I have aerial imagery as RGB jpgs and I would like to be able to clip them to a specific extent but retain a world file so I can use them in other software. I could do this by splitting them and then clipping and then joining them back together but that is not exactly a smart solution if doing it regularly. I have considered using a custom sized composer but that is a bit rough.

This functionality is supported by by the clipper tool but for some reason the XYZ driver is chosen instead of JPEG or GTIFF - this can be corrected by editing the command manually.


You can clip the aerial imagery using the clipper tool located under Raster -> Extract -> Clipper, as you can see below'

enter image description here

You can draw the required extent on the aerial imagery and the coordinates will be written automatically on the clipper window. You need to add -b 1 -b 2 -b 3 and so on depending on the number of bands. The -b is to select band for output. You can refer to gdal_translate for more information.

Here is the output:

enter image description here


Even with an input RGB in JPEG format, I could clip the image and get an RGB in JPEG format multiband by default without setting multiband -b as you can see below, and without getting XYZ as out format:

enter image description here

Here is the output:

enter image description here

I think there is a problem in somewhere in your settings. I cannot confirm whether the problem resulted from the OSX or not because I am using windows.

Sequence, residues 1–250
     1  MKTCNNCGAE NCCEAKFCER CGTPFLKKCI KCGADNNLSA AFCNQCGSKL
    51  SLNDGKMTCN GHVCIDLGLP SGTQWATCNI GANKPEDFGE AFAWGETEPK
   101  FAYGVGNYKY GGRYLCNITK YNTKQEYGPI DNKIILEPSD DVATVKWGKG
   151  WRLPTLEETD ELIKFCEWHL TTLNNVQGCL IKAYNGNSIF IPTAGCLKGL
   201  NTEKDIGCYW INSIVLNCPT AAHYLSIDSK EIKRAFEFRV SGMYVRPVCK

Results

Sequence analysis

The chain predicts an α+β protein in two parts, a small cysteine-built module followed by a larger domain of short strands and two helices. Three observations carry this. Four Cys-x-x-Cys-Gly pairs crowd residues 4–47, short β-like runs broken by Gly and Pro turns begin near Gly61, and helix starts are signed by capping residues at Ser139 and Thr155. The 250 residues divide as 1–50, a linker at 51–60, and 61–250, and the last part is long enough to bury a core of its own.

• This works for Multiband imagery? every time I try it I just get a single band raster out. – Sethinacan Feb 8 '17 at 12:01
  • It should do. If not can you give us a link to some sample data to understand why not? – MappaGnosis Feb 8 '17 at 12:14
  • You need to add -b 1 -b 2 -b 3 and so on depending on the number of bands, but first you need to press on the pencil icon to add -b – ahmadhanb Feb 8 '17 at 12:20
  • Even with a tiff as input it still choses the XYZ driver "-of XYZ" If I change that to Gtiff it works fine. If you would change your answer to include to include that .JPG are not supported then it would be correct. I suspect the .XYZ issue is to do with OSX and Kungchaos. Thanks for the trouble shooting – Sethinacan Feb 8 '17 at 13:05
  • I tested on JPEG and I could get also RGB multiband by default. See the updated answer. – ahmadhanb Feb 8 '17 at 13:31

When you clip any data in most GIS systems I know, you end up with a new file and the original data intact. So, there is no need for your proposed split-clip-rejoin process. You will always have the original raster and its world file.

When you clip a raster you can tell QGIS to generate a world file for the new file. To do this edit the command by clicking on the yellow pencil icon in the Clipper tool and add -co "TFW=YES" (assuming it's a tiff) or generate one afterwards using Raster->Projections->Extract Projection.

You can specify individual bands or multiples of them using the -b switch in the command (see documentation). However, the clipper tool should work fine for multi-band images without and produce a multiband image out. If that is not happening for you, then we'll need some sample data to try and see why not.

Note that the output format of your clip must support multiple bands. If it does not (like XYZ) then you can't store an RGB image in that format and should consider using another format.

  • I get this error when using clipper "Warning 6: XYZ driver only uses the first band of the dataset." – Sethinacan Feb 8 '17 at 12:23
  • It's down to your data type. Just change your rasters to GeoTiff and avoid the issue. – MappaGnosis Feb 8 '17 at 12:24
  • XYZ driver is selected regardless - suspect my system is the issue, probably a OSX path problem – Sethinacan Feb 8 '17 at 13:55

Your Answer

By clicking “Post Your Answer”, you agree to our terms of service, privacy policy and cookie policy

Not the answer you're looking for? Browse other questions tagged or ask your own question.